#4 - PaaS is too insecure; I must have full control over my infrastructure
Are you sure? Because Heroku is pretty serious about your security, and has the resources to dedicate an entire team to it. Also, because your Heroku applications will be running in a (slightly) constrained environment, the attack surface is probably going to be a lot smaller than it would be with your custom infrastructure.

Again, there are some caveats to this. If your business operates in a heavily regulated industry like finance, pharmacy or aviation, Heroku might not be the best fit.

#5 - Regarding FaaS and slow Java startup times, what about frameworks like Micronaut or Quarkus?
I agree that Micronaut and Quarkus, thanks to their focus on quick startup-times and low memory footprints, are both highly interesting frameworks to try out in a FaaS (serverless) environment.

However, since both of these projects have had their first releases around late 2018 - early 2019, I would refrain from betting your entire system on these technologies until they've had some more time to mature and gain momentum, limiting any experimentation to POCs and non-critical applications.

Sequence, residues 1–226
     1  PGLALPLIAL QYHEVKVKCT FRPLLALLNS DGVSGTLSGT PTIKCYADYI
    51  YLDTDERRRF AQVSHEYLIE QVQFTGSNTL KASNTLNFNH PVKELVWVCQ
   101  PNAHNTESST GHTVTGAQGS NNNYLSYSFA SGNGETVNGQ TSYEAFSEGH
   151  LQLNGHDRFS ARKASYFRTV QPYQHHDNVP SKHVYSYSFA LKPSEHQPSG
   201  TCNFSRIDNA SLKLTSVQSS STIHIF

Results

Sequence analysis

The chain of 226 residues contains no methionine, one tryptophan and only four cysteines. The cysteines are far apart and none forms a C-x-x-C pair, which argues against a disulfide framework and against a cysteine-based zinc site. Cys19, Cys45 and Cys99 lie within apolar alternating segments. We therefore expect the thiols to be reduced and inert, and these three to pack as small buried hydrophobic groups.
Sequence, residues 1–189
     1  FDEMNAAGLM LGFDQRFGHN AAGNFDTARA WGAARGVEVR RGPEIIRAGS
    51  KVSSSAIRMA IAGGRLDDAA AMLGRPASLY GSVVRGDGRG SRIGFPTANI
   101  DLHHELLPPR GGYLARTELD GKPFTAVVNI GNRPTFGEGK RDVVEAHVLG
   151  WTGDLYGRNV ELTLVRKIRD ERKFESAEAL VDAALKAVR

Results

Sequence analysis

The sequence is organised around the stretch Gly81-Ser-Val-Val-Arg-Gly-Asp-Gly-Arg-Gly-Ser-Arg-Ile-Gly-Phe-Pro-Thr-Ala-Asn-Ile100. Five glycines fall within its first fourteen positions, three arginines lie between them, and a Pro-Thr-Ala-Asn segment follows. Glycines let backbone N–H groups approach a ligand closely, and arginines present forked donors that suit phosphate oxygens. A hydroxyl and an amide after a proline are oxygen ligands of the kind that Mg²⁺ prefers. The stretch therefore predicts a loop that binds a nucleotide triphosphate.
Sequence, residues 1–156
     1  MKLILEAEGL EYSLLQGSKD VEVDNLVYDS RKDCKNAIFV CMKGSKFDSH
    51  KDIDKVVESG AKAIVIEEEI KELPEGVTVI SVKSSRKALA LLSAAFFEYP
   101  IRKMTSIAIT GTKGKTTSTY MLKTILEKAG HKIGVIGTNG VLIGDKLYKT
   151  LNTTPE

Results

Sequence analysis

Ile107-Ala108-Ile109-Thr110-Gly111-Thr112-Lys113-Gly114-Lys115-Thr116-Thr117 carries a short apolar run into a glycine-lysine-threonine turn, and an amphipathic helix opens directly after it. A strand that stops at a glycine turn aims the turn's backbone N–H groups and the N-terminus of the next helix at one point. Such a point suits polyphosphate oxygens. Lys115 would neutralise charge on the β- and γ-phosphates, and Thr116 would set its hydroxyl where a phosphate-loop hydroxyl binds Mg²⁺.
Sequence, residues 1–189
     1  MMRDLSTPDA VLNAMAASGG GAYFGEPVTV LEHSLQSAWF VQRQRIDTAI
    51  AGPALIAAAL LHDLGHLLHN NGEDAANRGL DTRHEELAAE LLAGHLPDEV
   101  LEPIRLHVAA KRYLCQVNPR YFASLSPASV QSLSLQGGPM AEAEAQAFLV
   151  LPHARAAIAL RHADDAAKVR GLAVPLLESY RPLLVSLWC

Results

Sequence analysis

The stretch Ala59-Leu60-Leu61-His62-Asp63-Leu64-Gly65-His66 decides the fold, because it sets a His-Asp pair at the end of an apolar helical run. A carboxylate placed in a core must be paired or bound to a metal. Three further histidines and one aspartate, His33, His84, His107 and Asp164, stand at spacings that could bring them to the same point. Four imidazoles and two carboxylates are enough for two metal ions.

There's definitely a place for IaaS environments, and there probably will be a place for FaaS environments as well, once the frameworks have matured a bit. If you're doing Java in (early) 2020, however, I can only recommend trying out a PaaS environment for your next application.

Also, you've probably noticed that I've been equating PaaS with Heroku up until this point, without actually making the case for Heroku over some of the other (non-enterprise) PaaS providers with Java support, like:

The simple reason is that, apart from Elastic Beanstalk, I haven't had much personal experience with these other providers 😅. And since Heroku has worked so well for me, there's honestly been little motivation to try out anything else.

I will end this article with an overview of some of my favorite Heroku features.